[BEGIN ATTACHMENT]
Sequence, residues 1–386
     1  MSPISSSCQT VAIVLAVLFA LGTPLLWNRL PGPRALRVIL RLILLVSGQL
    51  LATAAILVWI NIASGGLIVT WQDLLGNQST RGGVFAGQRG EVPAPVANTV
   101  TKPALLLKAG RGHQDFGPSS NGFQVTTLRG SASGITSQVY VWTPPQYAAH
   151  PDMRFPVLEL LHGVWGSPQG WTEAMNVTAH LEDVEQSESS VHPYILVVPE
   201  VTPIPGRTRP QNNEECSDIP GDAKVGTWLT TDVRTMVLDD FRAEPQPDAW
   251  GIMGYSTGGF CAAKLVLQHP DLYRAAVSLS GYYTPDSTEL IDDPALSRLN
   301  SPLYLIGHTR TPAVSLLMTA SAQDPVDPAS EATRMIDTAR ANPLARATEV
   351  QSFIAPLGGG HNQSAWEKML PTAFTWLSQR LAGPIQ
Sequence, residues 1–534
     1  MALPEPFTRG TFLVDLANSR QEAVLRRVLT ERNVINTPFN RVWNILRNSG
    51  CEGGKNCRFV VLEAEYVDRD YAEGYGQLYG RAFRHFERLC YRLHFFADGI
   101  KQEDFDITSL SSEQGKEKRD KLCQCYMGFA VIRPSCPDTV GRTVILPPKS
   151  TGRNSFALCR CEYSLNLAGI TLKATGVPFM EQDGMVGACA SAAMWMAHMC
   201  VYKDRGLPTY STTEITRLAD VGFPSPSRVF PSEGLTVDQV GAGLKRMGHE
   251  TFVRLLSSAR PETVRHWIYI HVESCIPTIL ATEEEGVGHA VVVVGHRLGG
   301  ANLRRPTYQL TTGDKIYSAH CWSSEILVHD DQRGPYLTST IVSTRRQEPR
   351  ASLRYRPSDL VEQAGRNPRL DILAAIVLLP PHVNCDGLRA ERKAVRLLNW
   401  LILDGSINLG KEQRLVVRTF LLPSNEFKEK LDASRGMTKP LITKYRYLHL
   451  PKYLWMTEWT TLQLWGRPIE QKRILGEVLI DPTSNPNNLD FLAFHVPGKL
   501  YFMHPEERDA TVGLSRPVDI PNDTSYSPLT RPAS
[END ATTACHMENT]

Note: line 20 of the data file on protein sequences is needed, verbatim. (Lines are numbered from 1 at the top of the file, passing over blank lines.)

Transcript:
   451  PKYLWMTEWT TLQLWGRPIE QKRILGEVLI DPTSNPNNLD FLAFHVPGKL